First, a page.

Shaktivela, Śaktivela, Śaktivelā, Shakti-vela: 1 definition

Introduction

Shaktivela means something in Hinduism, Sanskrit. If you want to know the exact meaning, history, etymology or English translation of this term then check out the descriptions on this page. Add your comment or reference to a book if you want to contribute to this summary article.

The Sanskrit terms Śaktivela and Śaktivelā can be transliterated into English as Saktivela or Shaktivela, using the IAST transliteration scheme (?).

In Hinduism

Shilpashastra (iconography)

Source: Shodhganga: The significance of the mūla-beras (śilpa)

Śaktivela (शक्तिवेल) (Śaktivel) or Velāyudha is the name of an attribute held in the hand of Murukan and is an important accessory.—It is said that by holding this weapon, the three energies of Śakti namely the iccā-śakti (energy of desire), the jñāna-śakti (energy of wisdom), and the kriyā-śakti (energy of action) are within Murukan. Moreover, this instrument is believed to represent the three guṇas (sattva, rājas, and tāmas), the trinity (Brahmā, Viṣṇu and Śiva), the three inner fires (garhapathya, avahaniya and dakṣiṇadhya) and the three Vedas. The velāyudha, a symbol of Murukan, is often worshipped by itself. This implement is of two kinds: yaukika and laukika. The former is installed to benefit king, the public and the patron. The latter one includes all the other Śakti implements that are worshipped by everyone to be benefited by everyone.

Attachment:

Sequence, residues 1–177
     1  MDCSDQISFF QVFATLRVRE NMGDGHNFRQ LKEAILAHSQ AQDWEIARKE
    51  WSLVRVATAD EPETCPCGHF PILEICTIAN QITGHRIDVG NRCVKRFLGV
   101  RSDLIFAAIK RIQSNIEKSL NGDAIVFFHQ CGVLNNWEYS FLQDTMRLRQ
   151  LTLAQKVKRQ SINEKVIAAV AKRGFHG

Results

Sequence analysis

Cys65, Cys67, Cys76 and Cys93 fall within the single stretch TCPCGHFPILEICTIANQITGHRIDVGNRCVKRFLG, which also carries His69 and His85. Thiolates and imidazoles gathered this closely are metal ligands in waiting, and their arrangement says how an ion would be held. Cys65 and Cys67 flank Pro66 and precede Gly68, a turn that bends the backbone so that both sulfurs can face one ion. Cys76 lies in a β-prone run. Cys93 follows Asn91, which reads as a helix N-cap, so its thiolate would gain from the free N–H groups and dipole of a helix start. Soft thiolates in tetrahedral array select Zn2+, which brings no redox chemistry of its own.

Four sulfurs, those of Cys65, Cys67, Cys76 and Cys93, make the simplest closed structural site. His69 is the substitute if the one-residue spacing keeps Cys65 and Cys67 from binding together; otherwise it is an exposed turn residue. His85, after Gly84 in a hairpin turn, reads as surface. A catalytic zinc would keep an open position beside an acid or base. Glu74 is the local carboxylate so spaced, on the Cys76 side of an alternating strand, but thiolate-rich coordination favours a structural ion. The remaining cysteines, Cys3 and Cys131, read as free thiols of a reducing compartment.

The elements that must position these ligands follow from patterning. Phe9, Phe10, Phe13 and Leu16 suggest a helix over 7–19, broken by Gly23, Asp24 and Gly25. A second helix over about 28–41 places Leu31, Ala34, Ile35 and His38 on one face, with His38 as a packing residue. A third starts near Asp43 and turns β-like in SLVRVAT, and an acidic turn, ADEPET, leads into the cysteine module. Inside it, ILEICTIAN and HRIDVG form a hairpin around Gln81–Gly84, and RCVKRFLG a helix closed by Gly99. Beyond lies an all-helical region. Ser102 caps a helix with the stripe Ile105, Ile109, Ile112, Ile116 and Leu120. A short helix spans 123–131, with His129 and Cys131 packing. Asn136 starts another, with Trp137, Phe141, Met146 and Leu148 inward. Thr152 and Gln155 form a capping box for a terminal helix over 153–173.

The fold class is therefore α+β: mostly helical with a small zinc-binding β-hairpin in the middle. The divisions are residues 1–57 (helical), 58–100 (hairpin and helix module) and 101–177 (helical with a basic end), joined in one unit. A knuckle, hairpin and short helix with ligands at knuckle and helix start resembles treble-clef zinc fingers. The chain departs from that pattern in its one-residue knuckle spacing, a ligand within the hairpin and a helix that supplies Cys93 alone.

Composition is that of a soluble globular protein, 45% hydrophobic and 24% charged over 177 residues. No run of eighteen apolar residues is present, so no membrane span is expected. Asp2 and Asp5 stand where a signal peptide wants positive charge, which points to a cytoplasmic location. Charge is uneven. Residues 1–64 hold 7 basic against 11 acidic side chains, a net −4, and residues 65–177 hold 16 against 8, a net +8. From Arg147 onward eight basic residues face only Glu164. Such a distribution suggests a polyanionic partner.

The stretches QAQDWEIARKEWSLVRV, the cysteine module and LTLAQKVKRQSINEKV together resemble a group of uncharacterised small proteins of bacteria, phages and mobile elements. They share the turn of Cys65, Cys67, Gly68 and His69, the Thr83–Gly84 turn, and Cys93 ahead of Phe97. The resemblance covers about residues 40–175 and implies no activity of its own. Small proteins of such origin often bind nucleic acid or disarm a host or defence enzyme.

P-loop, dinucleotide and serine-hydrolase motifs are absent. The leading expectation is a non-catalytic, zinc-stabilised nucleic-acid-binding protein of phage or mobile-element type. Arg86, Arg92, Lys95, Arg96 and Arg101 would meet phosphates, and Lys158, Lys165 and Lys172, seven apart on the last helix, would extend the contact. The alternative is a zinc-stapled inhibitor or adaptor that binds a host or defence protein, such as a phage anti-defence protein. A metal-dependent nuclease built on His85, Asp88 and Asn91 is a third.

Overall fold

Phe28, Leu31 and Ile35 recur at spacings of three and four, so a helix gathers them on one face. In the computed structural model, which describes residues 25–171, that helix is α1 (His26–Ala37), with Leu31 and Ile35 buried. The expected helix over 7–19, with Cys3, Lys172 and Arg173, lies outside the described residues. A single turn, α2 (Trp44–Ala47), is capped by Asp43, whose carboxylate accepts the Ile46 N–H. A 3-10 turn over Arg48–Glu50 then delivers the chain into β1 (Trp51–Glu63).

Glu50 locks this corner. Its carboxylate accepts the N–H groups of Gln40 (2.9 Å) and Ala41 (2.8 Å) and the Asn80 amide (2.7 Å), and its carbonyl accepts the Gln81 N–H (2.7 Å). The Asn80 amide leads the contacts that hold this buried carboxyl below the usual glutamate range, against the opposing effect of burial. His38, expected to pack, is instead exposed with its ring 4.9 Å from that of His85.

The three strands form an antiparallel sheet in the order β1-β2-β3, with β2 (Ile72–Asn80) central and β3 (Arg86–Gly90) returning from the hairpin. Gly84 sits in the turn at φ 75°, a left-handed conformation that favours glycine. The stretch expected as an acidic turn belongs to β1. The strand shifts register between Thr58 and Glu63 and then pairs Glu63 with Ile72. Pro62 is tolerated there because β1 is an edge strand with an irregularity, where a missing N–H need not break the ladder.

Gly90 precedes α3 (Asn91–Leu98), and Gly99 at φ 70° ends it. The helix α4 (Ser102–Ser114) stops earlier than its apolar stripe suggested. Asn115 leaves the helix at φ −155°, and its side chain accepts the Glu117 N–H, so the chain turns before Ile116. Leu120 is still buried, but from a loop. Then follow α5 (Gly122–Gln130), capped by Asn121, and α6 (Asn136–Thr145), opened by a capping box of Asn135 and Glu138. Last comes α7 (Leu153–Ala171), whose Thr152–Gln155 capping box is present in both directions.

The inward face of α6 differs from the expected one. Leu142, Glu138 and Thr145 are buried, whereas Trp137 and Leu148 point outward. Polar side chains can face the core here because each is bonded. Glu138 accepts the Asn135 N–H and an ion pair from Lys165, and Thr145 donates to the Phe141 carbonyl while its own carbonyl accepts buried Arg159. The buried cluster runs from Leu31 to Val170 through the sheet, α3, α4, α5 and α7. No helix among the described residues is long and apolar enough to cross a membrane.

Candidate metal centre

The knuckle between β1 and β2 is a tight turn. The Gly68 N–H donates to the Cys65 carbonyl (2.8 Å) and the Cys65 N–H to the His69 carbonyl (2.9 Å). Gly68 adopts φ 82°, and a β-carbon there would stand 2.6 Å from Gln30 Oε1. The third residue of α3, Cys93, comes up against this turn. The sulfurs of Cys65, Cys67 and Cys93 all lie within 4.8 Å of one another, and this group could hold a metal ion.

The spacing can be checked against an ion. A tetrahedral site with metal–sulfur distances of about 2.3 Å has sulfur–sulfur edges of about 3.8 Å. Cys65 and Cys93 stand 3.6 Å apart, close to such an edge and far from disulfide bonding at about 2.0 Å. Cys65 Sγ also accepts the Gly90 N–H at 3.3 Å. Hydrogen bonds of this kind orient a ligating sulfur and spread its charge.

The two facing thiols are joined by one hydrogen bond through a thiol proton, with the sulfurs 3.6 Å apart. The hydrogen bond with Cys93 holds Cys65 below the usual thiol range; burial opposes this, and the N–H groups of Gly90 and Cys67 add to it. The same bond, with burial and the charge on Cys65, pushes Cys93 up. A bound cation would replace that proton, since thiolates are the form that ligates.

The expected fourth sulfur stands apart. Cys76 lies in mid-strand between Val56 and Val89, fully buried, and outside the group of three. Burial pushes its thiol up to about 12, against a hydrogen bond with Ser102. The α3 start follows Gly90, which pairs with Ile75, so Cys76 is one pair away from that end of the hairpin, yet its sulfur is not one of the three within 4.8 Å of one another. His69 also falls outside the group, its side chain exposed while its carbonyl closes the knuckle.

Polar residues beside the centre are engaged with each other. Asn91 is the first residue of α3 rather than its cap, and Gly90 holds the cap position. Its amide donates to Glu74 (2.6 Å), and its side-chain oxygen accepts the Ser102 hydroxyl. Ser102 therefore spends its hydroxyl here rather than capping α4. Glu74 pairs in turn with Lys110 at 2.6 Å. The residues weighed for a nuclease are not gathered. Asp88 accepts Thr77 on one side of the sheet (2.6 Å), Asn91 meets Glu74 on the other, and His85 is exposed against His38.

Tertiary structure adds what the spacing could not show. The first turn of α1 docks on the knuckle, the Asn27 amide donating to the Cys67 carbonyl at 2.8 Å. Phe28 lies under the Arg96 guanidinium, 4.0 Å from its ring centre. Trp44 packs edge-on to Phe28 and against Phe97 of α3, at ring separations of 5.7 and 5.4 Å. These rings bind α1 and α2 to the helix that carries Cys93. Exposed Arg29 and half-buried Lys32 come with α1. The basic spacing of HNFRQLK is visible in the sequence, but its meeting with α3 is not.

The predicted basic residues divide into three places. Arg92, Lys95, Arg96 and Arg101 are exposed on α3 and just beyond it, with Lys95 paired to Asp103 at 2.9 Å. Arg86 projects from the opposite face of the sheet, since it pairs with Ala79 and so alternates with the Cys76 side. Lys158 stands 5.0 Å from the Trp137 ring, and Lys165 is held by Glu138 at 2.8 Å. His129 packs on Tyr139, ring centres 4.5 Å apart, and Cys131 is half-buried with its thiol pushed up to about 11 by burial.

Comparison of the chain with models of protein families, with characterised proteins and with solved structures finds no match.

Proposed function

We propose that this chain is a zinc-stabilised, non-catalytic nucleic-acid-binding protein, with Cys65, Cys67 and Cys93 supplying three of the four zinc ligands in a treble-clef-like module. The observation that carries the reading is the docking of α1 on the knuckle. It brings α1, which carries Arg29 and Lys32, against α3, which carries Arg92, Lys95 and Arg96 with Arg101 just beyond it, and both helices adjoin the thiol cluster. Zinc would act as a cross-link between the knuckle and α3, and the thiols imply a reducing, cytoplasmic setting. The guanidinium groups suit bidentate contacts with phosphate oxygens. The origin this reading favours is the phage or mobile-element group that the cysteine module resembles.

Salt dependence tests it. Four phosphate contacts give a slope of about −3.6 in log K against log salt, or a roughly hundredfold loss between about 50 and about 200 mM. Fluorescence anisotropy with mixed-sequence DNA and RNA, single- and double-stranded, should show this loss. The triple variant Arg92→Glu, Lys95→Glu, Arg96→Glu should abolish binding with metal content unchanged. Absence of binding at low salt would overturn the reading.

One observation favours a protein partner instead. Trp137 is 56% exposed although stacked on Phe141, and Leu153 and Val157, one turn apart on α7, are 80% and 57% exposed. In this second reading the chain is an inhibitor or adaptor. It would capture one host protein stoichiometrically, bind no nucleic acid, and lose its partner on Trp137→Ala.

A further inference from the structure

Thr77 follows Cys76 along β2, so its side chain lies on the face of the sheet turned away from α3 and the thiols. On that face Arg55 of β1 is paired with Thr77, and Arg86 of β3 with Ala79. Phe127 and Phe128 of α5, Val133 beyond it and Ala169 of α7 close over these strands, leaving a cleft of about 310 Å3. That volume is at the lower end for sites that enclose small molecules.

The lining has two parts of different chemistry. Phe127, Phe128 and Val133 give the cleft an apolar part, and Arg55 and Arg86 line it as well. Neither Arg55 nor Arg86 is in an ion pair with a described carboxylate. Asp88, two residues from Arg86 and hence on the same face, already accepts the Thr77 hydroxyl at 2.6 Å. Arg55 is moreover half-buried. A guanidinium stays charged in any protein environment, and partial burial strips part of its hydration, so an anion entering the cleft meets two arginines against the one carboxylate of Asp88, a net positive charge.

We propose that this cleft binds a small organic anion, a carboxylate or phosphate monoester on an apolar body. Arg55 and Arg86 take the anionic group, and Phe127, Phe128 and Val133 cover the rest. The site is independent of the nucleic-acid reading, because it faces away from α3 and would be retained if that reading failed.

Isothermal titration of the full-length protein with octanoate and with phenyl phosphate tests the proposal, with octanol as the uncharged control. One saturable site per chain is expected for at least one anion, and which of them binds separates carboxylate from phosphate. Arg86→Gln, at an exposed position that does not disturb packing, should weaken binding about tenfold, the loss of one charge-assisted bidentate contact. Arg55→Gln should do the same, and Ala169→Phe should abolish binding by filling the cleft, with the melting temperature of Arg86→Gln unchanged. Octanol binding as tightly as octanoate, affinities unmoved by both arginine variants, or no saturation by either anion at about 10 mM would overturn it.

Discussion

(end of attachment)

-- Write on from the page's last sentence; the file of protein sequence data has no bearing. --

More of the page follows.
Shilpashastra book cover
context information

Shilpashastra (शिल्पशास्त्र, śilpaśāstra) represents the ancient Indian science (shastra) of creative arts (shilpa) such as sculpture, iconography and painting. Closely related to Vastushastra (architecture), they often share the same literature.

Discover the meaning of shaktivela or saktivela in the context of Shilpashastra from relevant books on Exotic India

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